To answer this question, let’s consider the following scenario:
- Assume a universe of individuals or organizations – each with a specific need or want.
- A business owner, whom we shall call “Joe the Plumber,” seeks to satisfy the needs and wants of this universe by offering his products and services.
- Joe recognizes that it is not realistic to try and satisfy the needs and wants of everyone in the universe of individuals or organizations. Hence, Joe aims to serve a specific segment of the universe.
- How does Joe decide which segment to serve? Joe’s choice might entail a quick decision, or, on the other hand, Joe’s choice may involve a more rigorous, strategic analysis of the various segments in the universe. Whichever the case, Joe seeks to realize a positive economic return on his investment of time and money.
- There is an important issue for Joe to consider; that is, other people or institutions might choose to target the same segment of the universe that Joe aims to target. These other people or institutions would then be considered Joe’s competition. For instance, Joe may face competition from “Jane the Plumber” or “Bob the Plumber.”
- How will Joe differentiate his plumbing products and services from the competition? Moreover, how will Joe elevate his brand of plumbing above Jane’s brand of plumbing or Bob’s brand of plumbing? Joe does not want to “brand” his products and services in an arbitrary fashion. Instead, Joe hopes to create a connection — ideally, an emotional connection — with his target customer.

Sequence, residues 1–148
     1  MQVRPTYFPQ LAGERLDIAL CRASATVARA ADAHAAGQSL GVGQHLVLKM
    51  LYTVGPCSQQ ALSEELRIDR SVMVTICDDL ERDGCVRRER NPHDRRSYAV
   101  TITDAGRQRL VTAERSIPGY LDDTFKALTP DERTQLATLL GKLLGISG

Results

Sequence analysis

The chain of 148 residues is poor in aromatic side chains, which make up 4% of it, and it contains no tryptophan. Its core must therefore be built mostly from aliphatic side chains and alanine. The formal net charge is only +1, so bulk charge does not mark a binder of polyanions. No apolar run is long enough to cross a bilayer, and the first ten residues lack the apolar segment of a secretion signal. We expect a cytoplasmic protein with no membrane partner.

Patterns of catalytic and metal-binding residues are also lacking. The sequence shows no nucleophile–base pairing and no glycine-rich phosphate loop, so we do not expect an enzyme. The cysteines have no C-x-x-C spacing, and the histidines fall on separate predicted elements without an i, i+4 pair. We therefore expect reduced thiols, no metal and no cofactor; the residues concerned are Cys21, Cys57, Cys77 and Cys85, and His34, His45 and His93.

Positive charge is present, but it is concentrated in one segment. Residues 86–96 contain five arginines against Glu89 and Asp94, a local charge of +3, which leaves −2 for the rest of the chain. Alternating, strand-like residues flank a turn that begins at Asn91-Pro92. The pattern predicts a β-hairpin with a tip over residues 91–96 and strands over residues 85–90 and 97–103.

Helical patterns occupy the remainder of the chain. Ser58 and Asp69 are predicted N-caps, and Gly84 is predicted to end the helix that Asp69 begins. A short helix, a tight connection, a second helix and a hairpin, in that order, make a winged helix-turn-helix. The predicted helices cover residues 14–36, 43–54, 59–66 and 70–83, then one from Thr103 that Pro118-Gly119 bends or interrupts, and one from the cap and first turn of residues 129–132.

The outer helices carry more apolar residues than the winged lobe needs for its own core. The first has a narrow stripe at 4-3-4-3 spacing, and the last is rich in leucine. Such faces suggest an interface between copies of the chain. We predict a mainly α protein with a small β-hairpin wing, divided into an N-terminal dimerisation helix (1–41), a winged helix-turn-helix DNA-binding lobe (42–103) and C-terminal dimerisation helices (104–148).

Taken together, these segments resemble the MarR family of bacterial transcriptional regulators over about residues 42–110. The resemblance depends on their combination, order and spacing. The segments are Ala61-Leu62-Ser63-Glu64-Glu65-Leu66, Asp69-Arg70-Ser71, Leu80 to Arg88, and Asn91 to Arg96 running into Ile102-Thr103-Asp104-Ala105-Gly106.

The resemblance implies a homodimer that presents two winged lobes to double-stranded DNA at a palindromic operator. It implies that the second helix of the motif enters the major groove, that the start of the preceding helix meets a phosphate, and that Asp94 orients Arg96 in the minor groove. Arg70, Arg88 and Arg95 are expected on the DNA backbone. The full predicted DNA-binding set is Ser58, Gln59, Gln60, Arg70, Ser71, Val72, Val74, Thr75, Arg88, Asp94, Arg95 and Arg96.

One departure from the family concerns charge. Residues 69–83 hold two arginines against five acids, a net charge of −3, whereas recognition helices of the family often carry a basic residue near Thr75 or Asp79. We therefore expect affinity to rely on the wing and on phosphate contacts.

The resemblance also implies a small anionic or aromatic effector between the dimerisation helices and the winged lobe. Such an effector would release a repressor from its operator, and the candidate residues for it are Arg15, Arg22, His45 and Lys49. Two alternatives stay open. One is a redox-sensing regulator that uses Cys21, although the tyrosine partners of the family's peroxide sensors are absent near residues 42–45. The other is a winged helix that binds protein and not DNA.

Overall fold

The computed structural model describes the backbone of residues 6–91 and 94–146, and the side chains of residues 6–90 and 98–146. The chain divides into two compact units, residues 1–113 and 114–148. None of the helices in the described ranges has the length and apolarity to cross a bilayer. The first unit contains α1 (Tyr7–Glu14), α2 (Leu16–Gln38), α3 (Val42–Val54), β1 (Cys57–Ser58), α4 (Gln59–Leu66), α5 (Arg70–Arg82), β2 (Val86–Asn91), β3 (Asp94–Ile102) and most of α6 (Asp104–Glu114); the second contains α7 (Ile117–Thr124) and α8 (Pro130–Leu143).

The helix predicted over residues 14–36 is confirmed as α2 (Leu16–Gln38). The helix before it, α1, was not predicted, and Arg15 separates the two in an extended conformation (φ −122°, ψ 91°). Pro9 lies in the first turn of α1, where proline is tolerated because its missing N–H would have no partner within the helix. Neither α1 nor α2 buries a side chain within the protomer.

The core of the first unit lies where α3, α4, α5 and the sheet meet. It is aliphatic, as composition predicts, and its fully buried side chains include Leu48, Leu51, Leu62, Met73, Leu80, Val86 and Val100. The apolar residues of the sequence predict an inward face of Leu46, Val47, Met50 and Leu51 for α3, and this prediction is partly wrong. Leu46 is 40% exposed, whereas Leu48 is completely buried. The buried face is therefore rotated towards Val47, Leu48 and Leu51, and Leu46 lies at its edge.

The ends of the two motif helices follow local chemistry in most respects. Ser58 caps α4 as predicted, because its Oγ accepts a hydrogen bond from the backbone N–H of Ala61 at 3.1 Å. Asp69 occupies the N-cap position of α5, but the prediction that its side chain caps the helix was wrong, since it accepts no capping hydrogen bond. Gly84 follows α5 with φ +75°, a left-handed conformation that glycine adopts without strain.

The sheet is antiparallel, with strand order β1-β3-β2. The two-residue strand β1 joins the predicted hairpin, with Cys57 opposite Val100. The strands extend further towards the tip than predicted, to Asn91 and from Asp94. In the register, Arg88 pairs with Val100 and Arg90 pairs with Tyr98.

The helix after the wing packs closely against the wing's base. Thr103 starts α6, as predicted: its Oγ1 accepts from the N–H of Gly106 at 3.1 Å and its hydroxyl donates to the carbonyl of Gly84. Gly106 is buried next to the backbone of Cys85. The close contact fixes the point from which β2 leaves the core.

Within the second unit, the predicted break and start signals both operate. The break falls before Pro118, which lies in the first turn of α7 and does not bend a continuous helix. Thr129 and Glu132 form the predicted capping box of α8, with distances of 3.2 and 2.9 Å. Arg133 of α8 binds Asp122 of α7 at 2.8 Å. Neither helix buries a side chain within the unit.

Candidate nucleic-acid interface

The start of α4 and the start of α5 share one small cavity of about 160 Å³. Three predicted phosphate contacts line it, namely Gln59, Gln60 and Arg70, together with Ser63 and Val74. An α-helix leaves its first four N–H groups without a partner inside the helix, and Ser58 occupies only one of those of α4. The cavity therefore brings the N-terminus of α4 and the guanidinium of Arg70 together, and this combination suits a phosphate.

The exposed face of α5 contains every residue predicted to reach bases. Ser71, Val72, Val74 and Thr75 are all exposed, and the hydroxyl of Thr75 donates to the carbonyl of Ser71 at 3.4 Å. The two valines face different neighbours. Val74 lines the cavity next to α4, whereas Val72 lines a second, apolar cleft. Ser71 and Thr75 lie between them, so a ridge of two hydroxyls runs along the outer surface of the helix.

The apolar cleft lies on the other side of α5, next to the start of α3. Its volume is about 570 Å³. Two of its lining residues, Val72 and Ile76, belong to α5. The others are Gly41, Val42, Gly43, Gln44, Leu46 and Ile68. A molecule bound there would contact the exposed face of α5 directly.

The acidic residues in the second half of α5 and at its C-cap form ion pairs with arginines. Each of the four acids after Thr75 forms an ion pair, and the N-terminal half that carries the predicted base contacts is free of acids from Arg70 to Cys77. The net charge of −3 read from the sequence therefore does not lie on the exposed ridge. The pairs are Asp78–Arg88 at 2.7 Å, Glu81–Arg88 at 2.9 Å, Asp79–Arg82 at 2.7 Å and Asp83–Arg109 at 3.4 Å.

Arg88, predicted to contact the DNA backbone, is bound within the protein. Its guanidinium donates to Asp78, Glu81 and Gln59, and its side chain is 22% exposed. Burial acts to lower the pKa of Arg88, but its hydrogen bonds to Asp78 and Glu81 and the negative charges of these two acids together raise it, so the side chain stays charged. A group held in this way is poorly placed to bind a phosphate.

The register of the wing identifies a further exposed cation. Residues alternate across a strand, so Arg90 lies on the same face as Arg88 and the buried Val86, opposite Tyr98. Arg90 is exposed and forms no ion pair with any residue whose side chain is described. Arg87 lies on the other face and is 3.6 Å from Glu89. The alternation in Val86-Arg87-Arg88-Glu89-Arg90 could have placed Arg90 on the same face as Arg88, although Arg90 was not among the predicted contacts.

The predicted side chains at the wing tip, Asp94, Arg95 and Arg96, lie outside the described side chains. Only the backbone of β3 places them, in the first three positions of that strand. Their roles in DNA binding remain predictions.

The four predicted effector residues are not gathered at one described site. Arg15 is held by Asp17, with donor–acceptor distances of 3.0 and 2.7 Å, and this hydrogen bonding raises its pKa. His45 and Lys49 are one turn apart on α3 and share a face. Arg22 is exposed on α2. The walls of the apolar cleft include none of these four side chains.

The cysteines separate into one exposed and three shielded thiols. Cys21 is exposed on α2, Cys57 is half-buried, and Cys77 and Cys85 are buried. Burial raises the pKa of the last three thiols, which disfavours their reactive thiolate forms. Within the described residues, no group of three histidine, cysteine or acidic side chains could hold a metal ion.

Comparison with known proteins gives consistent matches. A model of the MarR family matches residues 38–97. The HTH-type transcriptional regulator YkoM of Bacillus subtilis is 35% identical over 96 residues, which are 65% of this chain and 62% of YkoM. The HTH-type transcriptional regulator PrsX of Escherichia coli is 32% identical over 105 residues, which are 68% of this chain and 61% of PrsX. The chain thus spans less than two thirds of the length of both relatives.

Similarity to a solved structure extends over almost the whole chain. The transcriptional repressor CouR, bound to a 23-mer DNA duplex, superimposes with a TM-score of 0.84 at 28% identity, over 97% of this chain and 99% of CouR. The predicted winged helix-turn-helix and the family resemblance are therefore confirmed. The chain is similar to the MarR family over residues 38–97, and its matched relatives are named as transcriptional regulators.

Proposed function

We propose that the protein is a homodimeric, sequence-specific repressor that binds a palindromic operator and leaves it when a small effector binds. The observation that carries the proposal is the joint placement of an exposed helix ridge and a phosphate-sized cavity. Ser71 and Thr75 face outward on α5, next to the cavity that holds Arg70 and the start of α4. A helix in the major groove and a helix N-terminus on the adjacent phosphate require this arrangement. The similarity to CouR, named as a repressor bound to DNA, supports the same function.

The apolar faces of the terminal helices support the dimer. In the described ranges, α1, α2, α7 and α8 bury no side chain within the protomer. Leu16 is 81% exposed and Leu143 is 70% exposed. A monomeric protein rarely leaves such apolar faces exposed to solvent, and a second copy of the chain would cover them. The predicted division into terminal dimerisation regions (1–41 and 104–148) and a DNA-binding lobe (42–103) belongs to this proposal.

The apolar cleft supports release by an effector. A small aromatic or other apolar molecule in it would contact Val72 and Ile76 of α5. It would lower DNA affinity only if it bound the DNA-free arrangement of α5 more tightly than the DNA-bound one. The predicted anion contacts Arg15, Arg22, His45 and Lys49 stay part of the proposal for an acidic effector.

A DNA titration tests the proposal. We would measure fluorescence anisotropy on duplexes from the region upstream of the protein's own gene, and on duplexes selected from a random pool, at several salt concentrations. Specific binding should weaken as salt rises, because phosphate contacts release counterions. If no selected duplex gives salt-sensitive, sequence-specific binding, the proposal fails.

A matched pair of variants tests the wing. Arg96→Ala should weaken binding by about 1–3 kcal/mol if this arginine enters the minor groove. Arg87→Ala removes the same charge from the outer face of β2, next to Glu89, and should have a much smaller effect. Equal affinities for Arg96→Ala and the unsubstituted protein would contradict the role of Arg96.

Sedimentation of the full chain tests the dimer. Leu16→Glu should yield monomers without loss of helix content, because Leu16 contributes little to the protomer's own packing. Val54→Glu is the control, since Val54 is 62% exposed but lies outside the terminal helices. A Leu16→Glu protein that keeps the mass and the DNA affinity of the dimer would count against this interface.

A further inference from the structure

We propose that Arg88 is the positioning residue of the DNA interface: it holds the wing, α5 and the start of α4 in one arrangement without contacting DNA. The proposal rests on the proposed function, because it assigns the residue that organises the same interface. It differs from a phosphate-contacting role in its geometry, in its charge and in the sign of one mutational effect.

- Are there other issues for Joe to consider? Yes, sure there are. Joe must decide how to price his plumbing products and services, how to promote his products and services, how to package his products and services, and both how and when to communicate with his target customer. Should Joe use print advertising, e-mail marketing, social media, or some combination of all or none of the aforementioned communication vehicles? Undeniably, Joe has a lot to think about. What should Joe do?
Joe knows that he should not make business decisions in a random or haphazard way. Joe’s decisions need to be based on market research and an understanding of his target customer — all of which are important factors that underscore the process of developing a marketing strategy. How can a marketing strategy benefit Joe?
A marketing strategy will help Joe create a plan to sell his plumbing products and services in a more cost-effective and profitable manner. A Winning Marketing Strategy, in particular, is critical to Joe’s success. Recognizing the need and importance of having a Winning Marketing Strategy, Joe hires S.B. Lemons & Company to help grow his business. You should too.
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